Creative writing usually has this disconnect, where the audience and author are separated by text. Miranda July‘s The Swim Team kind of steps around that. The story feels so intimate and conversational that, while reading, I often felt awkward and uncomfortable. Similar to that feeling you get when someone you don’t know that well tells you more about themselves than they should. It doesn’t help that, when casting the characters from her stories in my mind, July usually acts the lead.
Much like The Shared Patio, The Swim Team is told from the perspective of a young and somewhat socially inefficient woman. She tells a story to her ex boyfriend (his role is filled by the reader). “This is a story I wouldn’t tell you when I was your girlfriend” opens this one-sided dialogue. She, the unnamed protagonist, is speaking directly to you.
The narrator describes her time in Belvedere, where she befriends a small group of octogenarian. They all meet at her apartment to learn how to swim, even though there isn’t a pool or sizable body of water to practice in. Instead, they all just paddle around on her kitchen floor. She tells you that she misses them, especially now that they are all certainly dead.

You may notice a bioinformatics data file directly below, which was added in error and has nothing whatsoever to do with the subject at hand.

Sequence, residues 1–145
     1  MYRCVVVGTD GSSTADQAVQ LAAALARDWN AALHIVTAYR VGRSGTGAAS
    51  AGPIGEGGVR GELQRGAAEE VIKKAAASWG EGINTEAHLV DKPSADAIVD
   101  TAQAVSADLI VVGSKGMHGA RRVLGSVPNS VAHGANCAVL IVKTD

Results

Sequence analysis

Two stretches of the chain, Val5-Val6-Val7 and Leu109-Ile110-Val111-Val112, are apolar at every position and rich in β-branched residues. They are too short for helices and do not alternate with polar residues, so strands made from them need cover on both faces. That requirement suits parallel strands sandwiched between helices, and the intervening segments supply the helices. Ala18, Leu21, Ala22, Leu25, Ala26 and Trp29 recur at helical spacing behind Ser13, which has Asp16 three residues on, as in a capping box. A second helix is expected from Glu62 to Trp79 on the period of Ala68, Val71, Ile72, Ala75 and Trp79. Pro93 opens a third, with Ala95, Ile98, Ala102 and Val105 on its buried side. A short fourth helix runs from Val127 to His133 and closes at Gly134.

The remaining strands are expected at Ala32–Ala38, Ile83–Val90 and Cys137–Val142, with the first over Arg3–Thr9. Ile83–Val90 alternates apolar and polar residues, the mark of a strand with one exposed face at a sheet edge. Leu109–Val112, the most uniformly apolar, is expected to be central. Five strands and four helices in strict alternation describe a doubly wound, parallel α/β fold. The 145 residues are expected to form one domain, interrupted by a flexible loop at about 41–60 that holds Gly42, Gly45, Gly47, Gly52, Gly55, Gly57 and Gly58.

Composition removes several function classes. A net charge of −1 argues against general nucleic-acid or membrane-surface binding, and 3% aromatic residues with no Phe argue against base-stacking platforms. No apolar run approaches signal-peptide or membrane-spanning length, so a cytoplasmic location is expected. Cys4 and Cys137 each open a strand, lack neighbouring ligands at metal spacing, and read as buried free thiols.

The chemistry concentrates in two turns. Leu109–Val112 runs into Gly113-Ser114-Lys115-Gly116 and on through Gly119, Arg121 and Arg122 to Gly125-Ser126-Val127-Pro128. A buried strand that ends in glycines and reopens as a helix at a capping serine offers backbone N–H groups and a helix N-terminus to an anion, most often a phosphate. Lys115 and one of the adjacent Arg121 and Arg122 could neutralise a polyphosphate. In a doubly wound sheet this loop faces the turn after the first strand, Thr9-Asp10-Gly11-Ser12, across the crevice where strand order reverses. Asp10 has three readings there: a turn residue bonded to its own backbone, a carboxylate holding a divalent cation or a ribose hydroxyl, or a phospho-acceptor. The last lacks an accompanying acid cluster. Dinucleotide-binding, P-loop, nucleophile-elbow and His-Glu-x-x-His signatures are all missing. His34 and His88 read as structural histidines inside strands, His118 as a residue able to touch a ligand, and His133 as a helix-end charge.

What I love about this story isn’t the story so much as it’s what the story accomplishes. Even though it’s very short, it’s also very active. I don’t believe what my fake ex-girlfriend has told me, I don’t believe that a group of the elderly practiced back strokes in her kitchen. I think it’s a lie, and I think that’s the point.
Miranda July’s collection is called No one belongs here more than you. I assumed, as I judged the book by its cover, that the decision to leave the title lowercase was a matter of aesthetics. The more I read in the collection, however, the more I think that the title is a statement, a grammatically correct statement. July is writing to you, the reader. As an author and from July’s perspective, no one belongs here more than you.
I predict that the shorts collected in this book will grow increasingly awkward. I can’t wait.